from Matt Miller of the Center for American Progress in this Washington Post op ed>:
Take all of the undecided voters that matter, 4% each in the six states that Paul Begala say are still in conflict, VA, FL, IA, NM & Co (Begala says it is 916,643 people..
Miller says to simplify the arithmetic assume it is an even million voters.
Pay them each $100 for <2 hours of their time.
The Obama campaign should pay (yes, pay) undecided voters to watch two videos in full — the Romney 47 percent debacle in Boca Raton; and Bill Clinton’s speech at the Democratic National Convention.As Miller puts it,
Here’s my thinking. For starters, does anyone doubt that if an undecided (and thus presumably open-minded) voter watched these two videos, he or she would break the president’s way? I’m surely a biased viewer, but it seems to me that even people who don’t follow politics closely would be put off by Romney’s condescension and persuaded by Clinton’s case.I happen to agree that anyone thinking who looked at those two videos would be swayed, and not in Romney's favor.
Of course I also note the following.
1 NM is not a swing state at this point.
2. The other 5 states have a total of 75 electoral votes. If Obama wins them all he has 332 electoral votes (losing IN, NC and 2nd CD of Nebraska from the 358 EVs held by the jurisdictions he won in '08). Give them all to Romney and he loses, winning only 257 EVs. Obama does not need them all, just any one of VA, OH or FL get him to or above 270.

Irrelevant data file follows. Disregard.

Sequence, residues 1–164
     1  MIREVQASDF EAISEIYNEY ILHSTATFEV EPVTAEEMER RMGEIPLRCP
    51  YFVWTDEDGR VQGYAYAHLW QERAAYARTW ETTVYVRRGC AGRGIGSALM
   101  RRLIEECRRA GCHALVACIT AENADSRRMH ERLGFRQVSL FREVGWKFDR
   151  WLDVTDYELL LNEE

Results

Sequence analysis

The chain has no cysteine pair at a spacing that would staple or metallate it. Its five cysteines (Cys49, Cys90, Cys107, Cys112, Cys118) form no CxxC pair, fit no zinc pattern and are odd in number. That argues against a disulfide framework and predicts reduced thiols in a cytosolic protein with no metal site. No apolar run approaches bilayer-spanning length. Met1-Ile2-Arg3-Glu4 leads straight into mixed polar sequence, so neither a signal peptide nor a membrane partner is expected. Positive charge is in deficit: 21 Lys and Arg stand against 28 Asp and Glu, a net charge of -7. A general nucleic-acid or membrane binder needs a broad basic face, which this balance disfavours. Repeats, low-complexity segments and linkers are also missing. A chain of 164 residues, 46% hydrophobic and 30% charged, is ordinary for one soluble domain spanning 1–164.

Regardless of what you think of the idea, the difference between the two conventions started to define the election clearly, with Clinton's speech perhaps the key at the DNC. The events since then have been Romney's disastrous response to Libya and the video from Boca Raton.
But it does not even take $100 million. Each of us can urge those undecided to use the links and take a look at the two videos.
It is a modest proposal.
And Miller is right, even were the Obama campaign to spend money in such a fashion
Sometimes determining the outcome of an election is just the media’s civic duty. Think of Operation Video as this year’s October Surprise. And the beauty part is that there’s nothing remotely dirty or sneaky about it.